Save the Chimps!

TFK chats with chimp expert Jane Goodall about the new Disneynature film Chimpanzee

Apr 20, 2012 | By Vickie An
© DISNEY

Disneynature has taken moviegoers to the polar regions, to the depths of the ocean and to the African savanna. On April 20, the studio will take audiences deep into the forests of Africa, too, with Chimpanzee. The movie, narrated by Tim Allen, tells the true-life tale of Oscar. He’s a young orphaned chimp who finds a surprising father figure in the male leader of his group. It is the first time this rare event has ever been captured on film.

To celebrate the movie’s release, Disneynature is teaming up with the Jane Goodall Institute (JGI) for the “See Chimpanzee, Save Chimpanzees” campaign. For every ticket sold during opening week—April 20 to 26—Disneynature will make a donation to JGI through the Disney Worldwide Conservation Fund to help protect chimps in the wild. TFK spoke to JGI founder and chimpanzee expert Jane Goodall about the impact she hopes Oscar’s remarkable tale will have on moviegoers.

TFK:

Does a story like Oscar’s happen often in the wild?

JANE GOODALL:

Orphaned chimpanzee infants are usually adopted by a brother or a sister. For an alpha male to adopt a small, motherless infant is really extraordinary. I’ve heard of one other case where an alpha male adopted an infant. I believe that was also in the Ivory Coast [where Oscar lives]. How incredible that it would happen again when the film team was there. The footage is absolutely unbelievable.

TFK:

What are some of the wrong ideas people have about chimps that you hope the film will dispel?

Jane Goodall has been studying chimpanzees for 50 years. Her foundation, the Jane Goodall Institute, focuses on chimpanzee conservation.
STUART CLARKE
Jane Goodall has been studying chimpanzees for 50 years. Her foundation, the Jane Goodall Institute, focuses on chimp conservation.

GOODALL:

Many people don’t realize that chimpanzees are endangered. Hopefully, more people will become aware of how wonderful chimps are and have a better understanding of them after they see the movie. Also, there is a perception of chimps being good pets, and I truly think that this film will help dispel that myth.

TFK:

What is the biggest danger to chimpanzees today?

GOODALL:

It’s a mixture of the loss of habitat due to human population growth and of the bush meat trade, which is the illegal hunting of wild animals for food.

TFK:

Do you have a favorite memory that stands out over the 50 years you’ve been studying chimps?

GOODALL:

There are so many that stand out. I remember when Old Flo, a mother chimp who started off being terrified of me, began to trust me so much that she let her little 4-month-old son come up to me. She kept her hand gently around him, but she let him reach out and touch my nose. That was such a fulfilling moment.

TFK:

Do you ever miss working in the field full time?

GOODALL:

Oh, I would love to be back in the field! But it’s so desperately important to spread a message of awareness. It’s especially important to help people understand that the way we live our lives does make an impact on the environment. We have to raise new generations to be better stewards than we’ve been.

TFK:

What can kids do in their everyday lives to live a green life?

GOODALL:

What can all of us do if we just think about the consequences of the choices we make? Where do the things we buy come from? Do the things we eat cause suffering to animals? Are we wasteful? Do we remember to turn off lights and taps? Do we persuade our mothers to get out the car when we could walk or take a bicycle? It’s just thinking about what you do and if there is a more environmentally friendly way to do it.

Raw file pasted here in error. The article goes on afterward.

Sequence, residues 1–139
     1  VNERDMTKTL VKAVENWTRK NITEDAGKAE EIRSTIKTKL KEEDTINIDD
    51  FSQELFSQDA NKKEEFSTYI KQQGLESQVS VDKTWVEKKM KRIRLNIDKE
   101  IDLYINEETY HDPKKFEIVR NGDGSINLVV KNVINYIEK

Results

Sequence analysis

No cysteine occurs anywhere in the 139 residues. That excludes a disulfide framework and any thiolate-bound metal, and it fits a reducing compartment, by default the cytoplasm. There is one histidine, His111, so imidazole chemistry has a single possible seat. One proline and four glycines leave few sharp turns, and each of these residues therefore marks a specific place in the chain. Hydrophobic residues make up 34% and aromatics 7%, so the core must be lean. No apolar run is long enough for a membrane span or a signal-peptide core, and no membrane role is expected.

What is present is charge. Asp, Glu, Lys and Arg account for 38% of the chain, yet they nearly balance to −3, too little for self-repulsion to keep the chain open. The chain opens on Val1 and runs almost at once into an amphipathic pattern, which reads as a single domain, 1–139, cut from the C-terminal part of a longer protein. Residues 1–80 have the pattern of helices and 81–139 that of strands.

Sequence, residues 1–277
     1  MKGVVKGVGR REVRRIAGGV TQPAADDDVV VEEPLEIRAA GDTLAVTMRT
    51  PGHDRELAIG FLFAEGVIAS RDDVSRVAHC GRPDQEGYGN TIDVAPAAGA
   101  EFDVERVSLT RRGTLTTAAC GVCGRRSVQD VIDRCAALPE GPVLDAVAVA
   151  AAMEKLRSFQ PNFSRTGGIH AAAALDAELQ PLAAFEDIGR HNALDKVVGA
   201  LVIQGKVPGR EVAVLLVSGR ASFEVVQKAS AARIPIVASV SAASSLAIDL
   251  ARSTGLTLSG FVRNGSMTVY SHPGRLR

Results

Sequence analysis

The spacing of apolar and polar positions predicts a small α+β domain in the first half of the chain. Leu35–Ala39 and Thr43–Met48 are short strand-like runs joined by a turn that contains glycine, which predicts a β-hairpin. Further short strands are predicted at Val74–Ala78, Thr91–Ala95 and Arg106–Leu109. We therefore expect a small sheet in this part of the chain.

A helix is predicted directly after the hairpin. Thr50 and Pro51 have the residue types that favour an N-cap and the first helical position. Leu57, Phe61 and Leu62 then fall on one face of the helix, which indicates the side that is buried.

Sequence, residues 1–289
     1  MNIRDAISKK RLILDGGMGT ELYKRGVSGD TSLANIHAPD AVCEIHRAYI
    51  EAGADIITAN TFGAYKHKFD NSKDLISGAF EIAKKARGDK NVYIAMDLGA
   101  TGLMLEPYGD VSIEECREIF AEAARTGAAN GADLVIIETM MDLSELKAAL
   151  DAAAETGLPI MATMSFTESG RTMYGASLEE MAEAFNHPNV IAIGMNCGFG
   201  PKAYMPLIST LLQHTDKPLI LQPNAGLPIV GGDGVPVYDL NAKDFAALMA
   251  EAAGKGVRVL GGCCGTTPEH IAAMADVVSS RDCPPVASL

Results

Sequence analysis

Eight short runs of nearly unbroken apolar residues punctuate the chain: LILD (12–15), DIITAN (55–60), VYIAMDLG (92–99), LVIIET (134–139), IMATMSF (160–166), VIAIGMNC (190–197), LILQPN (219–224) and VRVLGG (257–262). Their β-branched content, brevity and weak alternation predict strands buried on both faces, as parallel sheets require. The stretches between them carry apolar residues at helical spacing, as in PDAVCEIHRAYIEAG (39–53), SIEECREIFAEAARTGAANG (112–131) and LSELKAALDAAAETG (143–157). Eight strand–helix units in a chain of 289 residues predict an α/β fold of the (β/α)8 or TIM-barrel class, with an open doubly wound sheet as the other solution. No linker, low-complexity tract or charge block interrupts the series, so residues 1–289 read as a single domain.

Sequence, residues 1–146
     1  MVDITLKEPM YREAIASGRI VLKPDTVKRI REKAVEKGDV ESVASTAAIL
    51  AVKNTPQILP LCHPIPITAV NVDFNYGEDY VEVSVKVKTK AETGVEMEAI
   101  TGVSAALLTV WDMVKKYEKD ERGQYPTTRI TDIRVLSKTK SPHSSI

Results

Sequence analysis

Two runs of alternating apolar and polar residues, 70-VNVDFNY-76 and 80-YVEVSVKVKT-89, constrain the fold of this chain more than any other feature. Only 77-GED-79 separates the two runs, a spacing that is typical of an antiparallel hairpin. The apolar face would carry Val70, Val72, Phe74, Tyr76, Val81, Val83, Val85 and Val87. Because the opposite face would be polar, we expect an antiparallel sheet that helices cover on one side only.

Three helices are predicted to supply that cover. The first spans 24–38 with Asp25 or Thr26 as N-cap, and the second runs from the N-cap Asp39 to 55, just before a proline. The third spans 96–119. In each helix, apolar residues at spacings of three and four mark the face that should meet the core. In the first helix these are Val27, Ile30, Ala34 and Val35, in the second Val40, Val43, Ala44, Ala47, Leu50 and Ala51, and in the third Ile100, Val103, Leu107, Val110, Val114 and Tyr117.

TFK:

You have a youth program called Roots & Shoots. What is its mission, and how can kids get involved?

Disneynature will make a donation to the Jane Goodall Institute for every ticket sold in Chimpanzee's opening week. The money will go to help save the habitats of wild chimps like Oscar.
MARK LINFIELD. © DISNEY
Disneynature will make a donation to the JGI for every ticket sold in Chimpanzee's opening week. The money will go to help save the habitats of wild chimps like Oscar.

GOODALL:

The Roots & Shoots program encourages kids to take action to make the world a better place. Anybody can start a group by going to janegoodall.org. Sit down with your friends and choose three projects: one to help people, one to help animals and one to help the environment. Then work out what you’re going to do, roll up your sleeves and actually do it. Kids are changing the world as a result of the program, and they are having fun at the same time.

TFK:

Is there more we can learn about, and from, chimpanzees?

GOODALL:

I know there is. We’re learning all the time. Chimps really have taught us that there isn’t a sharp line dividing us from the rest of the animal kingdom. We are unique, but we’re not as different as we used to think.

TFK:

Women’s History Month was in March. Are there any women in history who had an influence on you?

GOODALL:

My mother was truly outstanding. The authorities wouldn’t let me [do research in the forest] alone, so my mother volunteered to come with me. That was tough. If you go camping today, you have a nice tent with mosquito-proof windows. But back then we had an old Army tent. If you wanted to let air in, you had to roll up the sides and tie them with a tape. Then in came the air and the snakes and the scorpions and the centipedes! My poor mother! But she never complained. She was the one person who didn’t laugh at me when, at age 10, I said I wanted to go to Africa and live with animals and write books about them. She would always say, “If you really want something and you work hard and you never give up, you will find a way.” She made me who I am.